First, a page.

Oh no, did I say Hitchcock? How embarassing. I misspoke, I mean the screenplay’s author John Steinbeck. You remember Steinbeck from High School literature right? The Grapes of Wrath, Of Mice and Men, East of Eden and any number of other classics titles beginning with capitalized articles, prepositions or cardinal directions. Apparently Steinbeck took umbrage with Lifeboat‘s less than stellar critical reception at the time of its release. Steinbeck resented the blame and retaliated by sending critics copies of his original script to illustrate precisely where Hitchcock and company deviated from his masterwork.

I’m being cheeky, I really enjoyed Lifeboat and enthusiastically recommend it to you. It reminded me of a family trip to the Universal Studios tour in Los Angels when I was 12. The tour featured, among many other filmmaking wonders, a large water tank set not unlike those used to shoot Lifeboat. They’re basically big swimming pools with enormous blue or green screens behind them. In 1944 they used rear projection screens to complete the illusion of being lost at sea in Lifeboat before chromakeying became commonplace like in Life of Pi. Seeing the ordinariness of those sets destroyed a little bit of movie magic, but it also makes apparent the courage of restricting a film to one such set entirely. Imagine the ingenuity it takes to storyboard an hour and a half’s worth of shots all taking place in one small lifeboat. How do you do that without boring the audience? I don’t know how to do it, but Hitchcock did.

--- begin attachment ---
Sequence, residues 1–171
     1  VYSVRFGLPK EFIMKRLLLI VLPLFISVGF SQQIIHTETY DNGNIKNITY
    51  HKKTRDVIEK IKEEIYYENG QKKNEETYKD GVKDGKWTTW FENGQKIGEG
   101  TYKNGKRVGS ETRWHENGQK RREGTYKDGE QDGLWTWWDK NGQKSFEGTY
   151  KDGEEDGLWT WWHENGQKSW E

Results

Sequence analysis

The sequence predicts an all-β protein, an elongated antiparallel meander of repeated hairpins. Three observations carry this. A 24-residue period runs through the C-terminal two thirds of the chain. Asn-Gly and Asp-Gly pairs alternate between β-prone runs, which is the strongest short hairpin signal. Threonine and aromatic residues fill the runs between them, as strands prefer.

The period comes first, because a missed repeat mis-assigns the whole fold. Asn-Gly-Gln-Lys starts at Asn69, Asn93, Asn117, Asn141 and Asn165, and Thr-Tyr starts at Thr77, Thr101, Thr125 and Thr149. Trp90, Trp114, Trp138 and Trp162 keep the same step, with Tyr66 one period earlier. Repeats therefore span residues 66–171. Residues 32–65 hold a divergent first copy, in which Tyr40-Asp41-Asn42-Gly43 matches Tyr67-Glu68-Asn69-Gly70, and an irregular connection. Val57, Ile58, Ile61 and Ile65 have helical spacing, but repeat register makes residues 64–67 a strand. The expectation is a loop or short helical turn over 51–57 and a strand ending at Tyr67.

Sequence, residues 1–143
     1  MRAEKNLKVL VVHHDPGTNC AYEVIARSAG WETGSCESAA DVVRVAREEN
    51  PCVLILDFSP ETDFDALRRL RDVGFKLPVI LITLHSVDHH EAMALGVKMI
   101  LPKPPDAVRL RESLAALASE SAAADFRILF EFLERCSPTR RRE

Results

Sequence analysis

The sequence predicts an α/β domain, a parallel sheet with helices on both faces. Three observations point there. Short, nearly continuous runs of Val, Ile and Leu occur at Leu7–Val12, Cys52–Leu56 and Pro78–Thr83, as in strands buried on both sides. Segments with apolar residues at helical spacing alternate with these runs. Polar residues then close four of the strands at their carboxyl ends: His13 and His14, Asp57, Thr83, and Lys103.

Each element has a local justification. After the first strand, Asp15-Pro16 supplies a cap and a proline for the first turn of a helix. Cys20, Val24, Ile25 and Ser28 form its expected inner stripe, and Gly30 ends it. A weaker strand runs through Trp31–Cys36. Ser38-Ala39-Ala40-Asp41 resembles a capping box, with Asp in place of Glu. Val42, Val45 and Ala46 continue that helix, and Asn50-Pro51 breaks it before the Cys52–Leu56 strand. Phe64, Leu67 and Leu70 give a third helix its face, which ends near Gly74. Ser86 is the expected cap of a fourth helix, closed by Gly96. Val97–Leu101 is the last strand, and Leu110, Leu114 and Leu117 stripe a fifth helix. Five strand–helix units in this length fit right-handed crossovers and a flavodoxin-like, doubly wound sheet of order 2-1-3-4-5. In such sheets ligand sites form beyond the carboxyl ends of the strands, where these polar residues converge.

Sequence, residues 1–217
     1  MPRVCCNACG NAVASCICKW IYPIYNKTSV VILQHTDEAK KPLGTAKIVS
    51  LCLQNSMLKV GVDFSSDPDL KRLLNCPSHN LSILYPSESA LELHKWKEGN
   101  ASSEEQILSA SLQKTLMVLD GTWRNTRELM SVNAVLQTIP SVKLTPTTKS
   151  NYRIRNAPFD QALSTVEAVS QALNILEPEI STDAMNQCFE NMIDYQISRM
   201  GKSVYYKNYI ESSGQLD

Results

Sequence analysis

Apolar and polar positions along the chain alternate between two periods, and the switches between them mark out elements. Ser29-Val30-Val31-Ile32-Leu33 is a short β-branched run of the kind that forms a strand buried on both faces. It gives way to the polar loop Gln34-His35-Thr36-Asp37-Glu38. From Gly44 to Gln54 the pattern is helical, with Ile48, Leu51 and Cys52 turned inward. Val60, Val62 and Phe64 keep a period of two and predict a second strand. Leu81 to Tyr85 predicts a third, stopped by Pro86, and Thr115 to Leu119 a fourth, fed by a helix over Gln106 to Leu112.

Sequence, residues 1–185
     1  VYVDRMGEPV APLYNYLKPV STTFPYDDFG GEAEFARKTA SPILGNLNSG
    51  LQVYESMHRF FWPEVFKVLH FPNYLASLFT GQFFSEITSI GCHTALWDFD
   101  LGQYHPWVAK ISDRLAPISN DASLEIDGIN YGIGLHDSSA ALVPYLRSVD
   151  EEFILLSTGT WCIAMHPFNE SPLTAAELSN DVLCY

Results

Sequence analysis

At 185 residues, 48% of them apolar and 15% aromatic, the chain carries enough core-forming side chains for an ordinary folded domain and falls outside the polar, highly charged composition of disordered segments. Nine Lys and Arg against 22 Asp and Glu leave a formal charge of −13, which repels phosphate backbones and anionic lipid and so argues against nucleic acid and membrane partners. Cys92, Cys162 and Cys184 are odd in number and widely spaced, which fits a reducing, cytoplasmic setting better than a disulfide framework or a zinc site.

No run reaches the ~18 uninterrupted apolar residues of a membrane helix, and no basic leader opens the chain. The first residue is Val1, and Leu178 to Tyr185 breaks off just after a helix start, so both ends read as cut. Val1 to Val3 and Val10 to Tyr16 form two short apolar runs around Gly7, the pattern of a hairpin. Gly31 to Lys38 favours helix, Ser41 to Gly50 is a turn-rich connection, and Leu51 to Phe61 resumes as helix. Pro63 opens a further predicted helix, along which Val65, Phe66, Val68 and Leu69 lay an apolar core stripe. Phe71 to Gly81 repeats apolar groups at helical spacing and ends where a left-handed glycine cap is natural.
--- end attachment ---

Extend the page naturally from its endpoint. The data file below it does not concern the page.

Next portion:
I’m looking forward to absorbing his subsequent films. He appears to be taking great strides towards becoming the master of suspense with Saboteur and Lifeboat. However, I stand by my criticisms of Hitchcock’s pension for unrealistic plots in realistic settings and his tendency to routinely depict his female leads as resisting the advances of their male counterparts only to inevitably wise up and fall madly in love. It happens in almost all of his films up to this point and Lifeboat is no exception. It’s such a persistent trope one must stop to ponder if Hitchcock used his films to excise a deep resentment towards the women who rejected him. He’d be irresistible if only he had complete creative control over reality. It’s so much easier when they behave because they can’t say no, right? Yeah, I’m suggesting Alfred Hitchcock was an incel. If you think that’s unfairly harsh then I politely suggest you google Tippi Hedren’s account of her relationship with Hitchcock.